This I Believe
My feet pound the pavement and my hand unconsciously tightens around my iPod as I hear a car approach from the distance. My speed picks up along with my heart rate, and my mind starts racing my legs. “Could it be a rapist, kidnapper, or drunk driver?” is all I can think when I hear the tires get closer. After the car passes me, my hand relaxes a bit leaving a sweaty imprint left on my iPod, and I ease up to enjoy my run until I hear another possibly dangerous car.
I believe I am scared. I don’t suffer from the normal fears of claustrophobia or arachnophobia. I fear of being attacked in my own home. I feel paranoid. I can’t logically explain why I feel this way, but my best explanation is the fact that I have lost trust in the world. Every day my heart breaks over news stories about murder or rape. When I was younger, I used to lie awake in my bed and realize that somewhere in the world a terrible act was being committed to someone be it rape, murder, or kidnapping. The world has shaped and taught me to be scared. It is the world that has made me run toward the light when I’m in the dark, always look behind me when I’m alone, and never fully trust a kind stranger but question his or her motive.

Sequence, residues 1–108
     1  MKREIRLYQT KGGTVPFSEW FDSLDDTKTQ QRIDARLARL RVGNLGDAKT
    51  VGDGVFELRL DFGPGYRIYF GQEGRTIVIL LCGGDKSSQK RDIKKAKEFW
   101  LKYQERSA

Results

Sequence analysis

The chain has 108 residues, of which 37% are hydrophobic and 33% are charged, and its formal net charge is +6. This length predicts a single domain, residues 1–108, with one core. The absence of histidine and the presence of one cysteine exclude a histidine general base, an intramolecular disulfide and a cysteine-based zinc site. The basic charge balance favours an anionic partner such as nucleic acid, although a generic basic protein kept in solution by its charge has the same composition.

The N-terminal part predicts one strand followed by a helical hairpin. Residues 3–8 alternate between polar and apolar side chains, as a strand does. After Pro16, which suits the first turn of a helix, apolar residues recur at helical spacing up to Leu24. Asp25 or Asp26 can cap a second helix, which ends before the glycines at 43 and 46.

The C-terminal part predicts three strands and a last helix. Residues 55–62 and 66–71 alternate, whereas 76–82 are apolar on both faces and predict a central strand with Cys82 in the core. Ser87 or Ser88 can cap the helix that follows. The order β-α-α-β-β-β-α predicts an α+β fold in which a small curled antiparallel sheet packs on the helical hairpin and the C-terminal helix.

I always assume the worst. Don’t get me wrong. I am not a shell of a person constantly living in fear. It is more that waves of fear will suddenly attack me like seizures to an epileptic. I am a walking time bond waiting to explode at any second as soon as I think about my safety being in jeopardy. But is it really so unusual that I suffer from my sporadic episodes of fear? I am a 17-year-old female who has been told constantly by worried parents, teachers, and police officers to stay alert and weary of my environment at all times. It may seem that I am overly fearful of this life, but I believe I am more perceptive of the danger I live in being so vulnerable.
This fear has slowly started to ruin some of my happiness. I no longer run on trails anymore because I am scared of being mauled by a ravenous bear. I now run on the road, which I don’t find as pleasant and also scares me. But I am most scared of always living in fear. It is true what they say about ignorance being bliss. I can no longer chastise the naïve because I know how badly I want to be that way again. It is my knowledge of what a human being is capable of that will sometimes keep me up at night. But it is my hope in the world that will ease me into sleep.
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